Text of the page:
Dick learned the language from a grandmother and great-grandmother, neither of whom had a full grasp of English. Dick said none of her five children, 18 grandchildren or seven great-grandchildren fluently speak Washo, though some are trying to learn and most understand when she speaks at home or at a class she is leading.
Lynda Shoshone, the tribe's language and cultural preservation coordinator, said she could "kick myself in the rear for not paying more attention" in her childhood when her grandmother spoke Washo.
Shoshone said she knows Washo words but has trouble putting sentences together. However, her 22-year-old son, she said, attended a now-defunct immersion school and is fluent. So, she said, the language has a shot at survival.
James, 74, is pessimistic. "There's too much competition from the present-day world," said James, a retired electrical construction worker from Dresslerville, Nev. "Everyday living, your job, just trying to survive in this world is difficult." Still, he and Dick are willing to spend long days, sometimes from 10 a.m. to 6 p.m., answering Yu's detailed lists of questions. The elders' responses about nouns, adjectives, verbs and sentences are captured on a digital recording device, and Yu's graduate students later splice them and upload them online.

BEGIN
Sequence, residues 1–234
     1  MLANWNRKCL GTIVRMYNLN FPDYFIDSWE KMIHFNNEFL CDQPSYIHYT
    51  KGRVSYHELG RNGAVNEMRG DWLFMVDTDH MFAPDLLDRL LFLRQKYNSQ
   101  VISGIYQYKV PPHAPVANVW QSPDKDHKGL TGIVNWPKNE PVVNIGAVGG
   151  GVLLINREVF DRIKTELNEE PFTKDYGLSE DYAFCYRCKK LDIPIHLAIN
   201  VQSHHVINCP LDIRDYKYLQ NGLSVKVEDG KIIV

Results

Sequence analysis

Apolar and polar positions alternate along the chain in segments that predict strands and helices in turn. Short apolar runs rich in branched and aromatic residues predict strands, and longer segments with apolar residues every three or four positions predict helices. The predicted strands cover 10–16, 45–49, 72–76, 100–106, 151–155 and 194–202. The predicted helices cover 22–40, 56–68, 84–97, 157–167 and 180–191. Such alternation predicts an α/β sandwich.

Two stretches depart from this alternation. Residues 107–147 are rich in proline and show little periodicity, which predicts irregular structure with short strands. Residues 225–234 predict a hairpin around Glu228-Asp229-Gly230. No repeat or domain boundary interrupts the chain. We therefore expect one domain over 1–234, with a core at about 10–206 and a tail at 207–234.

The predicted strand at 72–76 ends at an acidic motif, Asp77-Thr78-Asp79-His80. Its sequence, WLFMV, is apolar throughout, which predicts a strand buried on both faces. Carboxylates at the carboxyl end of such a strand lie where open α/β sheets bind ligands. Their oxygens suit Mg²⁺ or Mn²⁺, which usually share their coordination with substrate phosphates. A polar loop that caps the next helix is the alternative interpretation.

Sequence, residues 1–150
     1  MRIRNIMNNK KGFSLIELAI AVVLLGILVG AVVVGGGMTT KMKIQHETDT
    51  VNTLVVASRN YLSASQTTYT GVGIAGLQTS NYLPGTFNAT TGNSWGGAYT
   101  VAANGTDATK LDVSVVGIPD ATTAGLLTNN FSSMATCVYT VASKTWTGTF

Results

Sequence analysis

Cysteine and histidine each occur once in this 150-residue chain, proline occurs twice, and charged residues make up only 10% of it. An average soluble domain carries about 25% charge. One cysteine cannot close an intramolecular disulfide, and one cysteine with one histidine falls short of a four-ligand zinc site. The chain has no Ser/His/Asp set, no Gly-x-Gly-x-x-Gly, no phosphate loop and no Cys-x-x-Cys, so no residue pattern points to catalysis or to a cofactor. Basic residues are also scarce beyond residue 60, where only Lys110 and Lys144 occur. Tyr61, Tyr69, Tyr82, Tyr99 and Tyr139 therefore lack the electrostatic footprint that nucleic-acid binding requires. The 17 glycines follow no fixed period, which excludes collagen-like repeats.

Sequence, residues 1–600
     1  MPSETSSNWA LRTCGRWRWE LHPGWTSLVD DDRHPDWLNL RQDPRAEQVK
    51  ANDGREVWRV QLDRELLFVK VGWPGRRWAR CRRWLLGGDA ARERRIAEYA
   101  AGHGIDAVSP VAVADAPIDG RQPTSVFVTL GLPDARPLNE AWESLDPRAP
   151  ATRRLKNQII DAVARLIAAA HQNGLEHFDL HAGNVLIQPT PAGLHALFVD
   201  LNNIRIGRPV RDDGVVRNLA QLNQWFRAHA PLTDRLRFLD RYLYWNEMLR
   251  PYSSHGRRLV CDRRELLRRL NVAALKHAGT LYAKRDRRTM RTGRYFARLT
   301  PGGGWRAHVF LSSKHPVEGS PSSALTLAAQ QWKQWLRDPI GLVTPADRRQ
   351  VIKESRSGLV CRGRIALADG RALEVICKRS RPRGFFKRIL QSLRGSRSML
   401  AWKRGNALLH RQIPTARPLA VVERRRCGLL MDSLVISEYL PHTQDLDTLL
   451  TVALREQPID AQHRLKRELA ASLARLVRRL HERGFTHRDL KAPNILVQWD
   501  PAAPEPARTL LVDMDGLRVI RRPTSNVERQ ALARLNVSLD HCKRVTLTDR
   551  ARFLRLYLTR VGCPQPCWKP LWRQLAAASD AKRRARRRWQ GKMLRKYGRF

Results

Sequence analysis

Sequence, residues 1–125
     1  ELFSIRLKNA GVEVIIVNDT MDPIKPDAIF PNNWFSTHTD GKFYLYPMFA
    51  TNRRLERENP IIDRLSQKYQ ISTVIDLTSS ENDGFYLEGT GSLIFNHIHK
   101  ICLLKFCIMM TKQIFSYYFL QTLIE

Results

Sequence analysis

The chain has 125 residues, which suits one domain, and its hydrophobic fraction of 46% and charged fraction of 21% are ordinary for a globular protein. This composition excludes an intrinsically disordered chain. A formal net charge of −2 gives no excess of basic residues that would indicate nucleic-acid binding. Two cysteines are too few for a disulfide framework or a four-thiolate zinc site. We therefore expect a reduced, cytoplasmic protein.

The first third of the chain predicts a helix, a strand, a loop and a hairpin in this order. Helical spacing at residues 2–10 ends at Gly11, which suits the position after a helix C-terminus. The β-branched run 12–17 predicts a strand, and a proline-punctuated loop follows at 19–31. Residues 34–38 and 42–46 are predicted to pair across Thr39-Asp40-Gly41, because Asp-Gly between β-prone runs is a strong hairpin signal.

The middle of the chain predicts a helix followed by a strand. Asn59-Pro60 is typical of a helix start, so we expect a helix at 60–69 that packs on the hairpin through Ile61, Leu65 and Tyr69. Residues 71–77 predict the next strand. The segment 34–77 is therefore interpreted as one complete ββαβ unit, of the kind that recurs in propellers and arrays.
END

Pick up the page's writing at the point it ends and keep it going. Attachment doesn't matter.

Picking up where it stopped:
Yu has posted a preliminary Washo pronunciation guide at http://washo.uchicago.edu and has compiled about two-thirds of the words he needs before he makes the dictionary and its voicing technology available to the public late next year. That progress is "very impressive," according to Douglas Whalen, a program officer at the National Science Foundation's program known as Documenting Endangered Languages.
The program, which also involves the National Endowment for the Humanities, is funding Yu's dictionary and similar work in about 60 languages worldwide. "Language is part of our human heritage, it's part of what makes us human. Not having any record of what's gone on in a language is regrettable," Whalen said.